Sunday, February 21, 2010

Piggy day, adult plays, mammoths, mastodons and more! Whew

Photos, clockwise from upper left: 
Renee Matthews and Gabriel Harder in Noble Fool's "Over the Tavern" -- Review below; 
Ora Jones, Alana Arenas and K. Todd Freeman in Steppenwolf's "The Brother/Sister Plays" -- Review below; 
Dale Benson and Marilyn Bogetich in Theatre at the Center, "Noises Off"; 
Len Wcislo (left) and Anna Meyers Caccitolo in Palos Village Players' "Leading Ladies; 
Nicole Dixon (back, left) and Shawn Smith and Katie Taylor (front, left( Zachary Gipson, Jeannie Rega Markionni and Vasily Denis in Towle Theatre;s "The 25th Annual Putnam County Spelling Bee."

Two professional regional and very informative websites have picked up "And now presenting ...." That is, you can now link to this blog from this site, of course, and also from and These terrific new sites provide a wealth of information about the Southland. Check them out while you're online. And if you have out-of-town company on the way, tell them these websites can give them great ideas of the proverbial stuff-to-do in the Southland and entire region. Myra -- Feb. 26, 2010.

Dear Dear Readers,

So much to write about in Chicagoland and my attempt to put out a new blog every two weeks has gone with my wind. I am still striving for close to every three weeks with mini-updates in between as needed.
A couple of special arts events include the Chicago Dramatists production of a one-woman work for the deaf and hearing impaired:: "Aiming for Sainthood." All performances will, of course, be signed as well as spoken. 
For those who are seeking avant-garde performance art, the Museum of Contemporary Art has a very full and eclectic series of productions continuing through spring.
Meabwhile, two reviews precede the extensive listings: Sarah's compelling look at Steppenwolf's phenomenal and powerful "The Brother/Sister Plays" and my brief review of Noble Fool's riotous "Over the Tavern" at Pheasant Run.
Get out there, now, and do something new! Remember, parking at most of these places is free (not the museums) and even Steppenwolf Theatre's parking structure, immediately south of the theater building, is bigtime cheap -- less than $10. Compare that to Loop and River North parking fees. You'll save million$ in parking charges at regional theaters. 
As always, please send any comments and corrections to And FYI, "And now presenting ..." has been contacted by a marketing firm and most likely will be linked to a professional regional site in the near future. I'll let you know when and where. But nothing will change at my end. This will remain my labor of love, free listings and free to look at any time. Keep those press releases coming.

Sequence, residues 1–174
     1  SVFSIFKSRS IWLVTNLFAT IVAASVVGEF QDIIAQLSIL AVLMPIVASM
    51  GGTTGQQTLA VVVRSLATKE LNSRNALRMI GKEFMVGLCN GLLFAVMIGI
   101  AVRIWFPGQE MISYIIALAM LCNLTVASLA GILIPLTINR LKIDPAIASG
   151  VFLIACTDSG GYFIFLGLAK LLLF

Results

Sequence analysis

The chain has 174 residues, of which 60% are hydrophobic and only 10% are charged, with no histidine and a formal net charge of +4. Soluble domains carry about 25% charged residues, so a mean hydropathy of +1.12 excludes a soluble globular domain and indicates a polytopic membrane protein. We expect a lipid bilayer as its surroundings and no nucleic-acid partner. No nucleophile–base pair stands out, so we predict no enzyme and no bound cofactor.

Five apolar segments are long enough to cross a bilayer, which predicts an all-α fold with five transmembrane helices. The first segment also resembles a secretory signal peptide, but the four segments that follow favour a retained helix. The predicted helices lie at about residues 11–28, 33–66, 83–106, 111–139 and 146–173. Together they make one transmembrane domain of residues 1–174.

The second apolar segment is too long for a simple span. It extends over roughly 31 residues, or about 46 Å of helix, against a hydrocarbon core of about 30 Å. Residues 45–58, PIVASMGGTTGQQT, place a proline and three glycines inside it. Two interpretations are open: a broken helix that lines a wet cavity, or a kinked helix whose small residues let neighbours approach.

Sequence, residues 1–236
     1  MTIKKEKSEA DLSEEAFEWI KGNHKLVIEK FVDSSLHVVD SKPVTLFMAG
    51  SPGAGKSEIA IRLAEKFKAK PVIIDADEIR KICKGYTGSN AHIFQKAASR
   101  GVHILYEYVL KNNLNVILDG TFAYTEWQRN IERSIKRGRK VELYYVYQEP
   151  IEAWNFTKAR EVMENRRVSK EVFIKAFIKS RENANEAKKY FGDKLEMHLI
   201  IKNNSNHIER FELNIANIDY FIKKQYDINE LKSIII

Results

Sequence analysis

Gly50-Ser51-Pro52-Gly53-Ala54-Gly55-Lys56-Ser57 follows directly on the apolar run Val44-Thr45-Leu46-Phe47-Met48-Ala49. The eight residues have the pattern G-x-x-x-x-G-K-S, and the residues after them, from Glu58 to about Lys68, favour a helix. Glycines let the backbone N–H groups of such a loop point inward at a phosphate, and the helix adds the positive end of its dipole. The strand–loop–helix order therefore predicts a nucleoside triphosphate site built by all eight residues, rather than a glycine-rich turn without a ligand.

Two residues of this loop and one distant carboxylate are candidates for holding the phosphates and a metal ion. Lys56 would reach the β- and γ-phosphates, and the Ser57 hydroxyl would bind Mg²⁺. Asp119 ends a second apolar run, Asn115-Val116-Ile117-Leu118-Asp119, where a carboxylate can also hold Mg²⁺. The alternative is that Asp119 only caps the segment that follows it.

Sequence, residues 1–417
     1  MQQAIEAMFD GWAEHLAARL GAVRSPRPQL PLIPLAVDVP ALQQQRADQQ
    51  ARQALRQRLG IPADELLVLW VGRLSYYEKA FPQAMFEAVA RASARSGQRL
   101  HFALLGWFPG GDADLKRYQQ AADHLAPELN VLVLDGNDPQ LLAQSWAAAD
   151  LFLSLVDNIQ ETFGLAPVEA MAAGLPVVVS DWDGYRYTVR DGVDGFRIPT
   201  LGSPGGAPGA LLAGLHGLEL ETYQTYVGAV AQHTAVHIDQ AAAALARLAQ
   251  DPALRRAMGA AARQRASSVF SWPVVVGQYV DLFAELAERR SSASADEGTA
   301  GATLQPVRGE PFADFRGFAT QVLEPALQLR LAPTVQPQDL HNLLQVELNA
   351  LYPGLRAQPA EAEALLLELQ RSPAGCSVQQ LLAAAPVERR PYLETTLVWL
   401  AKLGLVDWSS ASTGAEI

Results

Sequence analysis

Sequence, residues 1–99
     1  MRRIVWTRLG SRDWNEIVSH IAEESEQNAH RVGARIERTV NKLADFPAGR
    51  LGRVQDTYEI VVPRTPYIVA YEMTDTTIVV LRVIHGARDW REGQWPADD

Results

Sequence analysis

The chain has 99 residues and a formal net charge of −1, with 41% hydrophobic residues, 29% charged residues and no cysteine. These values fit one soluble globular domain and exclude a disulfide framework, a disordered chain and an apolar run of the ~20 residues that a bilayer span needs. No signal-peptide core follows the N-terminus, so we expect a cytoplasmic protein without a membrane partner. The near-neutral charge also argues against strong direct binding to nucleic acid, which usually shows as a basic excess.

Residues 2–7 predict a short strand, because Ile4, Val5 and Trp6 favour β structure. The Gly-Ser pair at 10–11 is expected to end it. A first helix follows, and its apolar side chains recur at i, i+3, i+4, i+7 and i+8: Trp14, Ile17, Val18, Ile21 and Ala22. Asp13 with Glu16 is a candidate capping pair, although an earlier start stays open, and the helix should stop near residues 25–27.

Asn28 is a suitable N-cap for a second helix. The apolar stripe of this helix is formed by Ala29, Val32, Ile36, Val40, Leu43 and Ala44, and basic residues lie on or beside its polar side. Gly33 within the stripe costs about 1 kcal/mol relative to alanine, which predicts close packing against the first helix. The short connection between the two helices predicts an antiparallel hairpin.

Thanks for your ongoing support.

Have a great weekend. Or if you don't get this till Monday, then hope you had a great weekend.



McCraney’s “The Brother/Sister Plays” soar at Steppenwolf

Review by Sarah Gross

Tarell Alvin McCraney’s triptych “The Brother/Sister Plays,” running through May 23 at The Steppenwolf Theatre, seamlessly melds elements of theater with storytelling, poetry, and music. McCraney’s talent and accomplishment belie his 29 years. His writing is contemporary and timeless, as fresh and raw as it is mythic and tragic.
The full-length “In the Red and Brown Water” is performed in rotation with a double bill of one-act plays, “The Brothers Size” and “Marcus; Or the Secret of Sweet.”  The plays share characters and setting; they complement each other but stand alone. 
All three plays are set in a poor African-American housing project in the south. An extraordinarily talented ensemble cast brings the setting and characters to life under the poignant, spare direction of Steppenwolf member Tina Landau.
Speaking their own stage directions, the characters turn to the audience with words that reveal or create a scene. These directions range from the simple, “Enter - the boys” and “Exit Shongo,” to the descriptive and poetic, “Oya, sitting on the front porch, humming, then crying.” This storytelling-like technique draws the audience into an intimate relationship with the actors and characters.
The first segment of the trilogy, “In the Red and Brown Water,” tells the tragic story of Oya (Alana Arenas), a young woman forced to choose between an athletic scholarship and staying home to care for her mother. As the story unfolds, she also struggles with the pain of unrequited love and the grief of discovering her infertility. Oya’s journey is both eased and complicated by the colorful cast of characters in her community.
 “In the Red and Brown Water” employs an ancient technique, the Greek chorus, whose haunting chants accentuate the dialogue. Music also sets the scene in a stirring rendition of the gospel song “Down By The Riverside,” which marks the passing of one of the characters.
“The Brothers Size,” performed by a cast of three, captures the kinship of brotherhood as Ogun Size (K. Todd Freeman) attempts to rebuild a relationship with younger brother Oshoosi (Phillip James Brannon), who was just released from prison. When the brothers break into song and dance for a spontaneous rendition of Otis Redding’s “Try a Little Tenderness,” their playful intimacy makes this scene one of the trilogy’s highlights.
In the final play, “Marcus: Or the Secret of Sweet,” teenaged Marcus struggles to come to terms with his homosexuality. Like Oya, Marcus finds both support and conflict in his community.
“Theatre is one of the rare opportunities where we are all together taking a leap of faith to believe something…to pretend for a moment that this is happening," said playwright McCraney in a post-show talk.
Steppenwolf’s production of “The Brother/Sister Plays” invites you to take this leap of faith with an ensemble of immense talent.
Steppenwolf Theatre, 1650 N. Halsted St.; Tickets $20-$70 at or 312-335-1650.

Noble Fool's 'Over the Tavern' brims with laughter, love

Review by Myra Eder

Pure and simple. Noble Fool’s production of Tom Dudzick’s “Over the Tavern” ranks as one of the three funniest productions I have seen in my nearly 30 years of reviewing theater. While “Tavern” is not a musical, the other two are and I will reveal them at the end of this mini-review.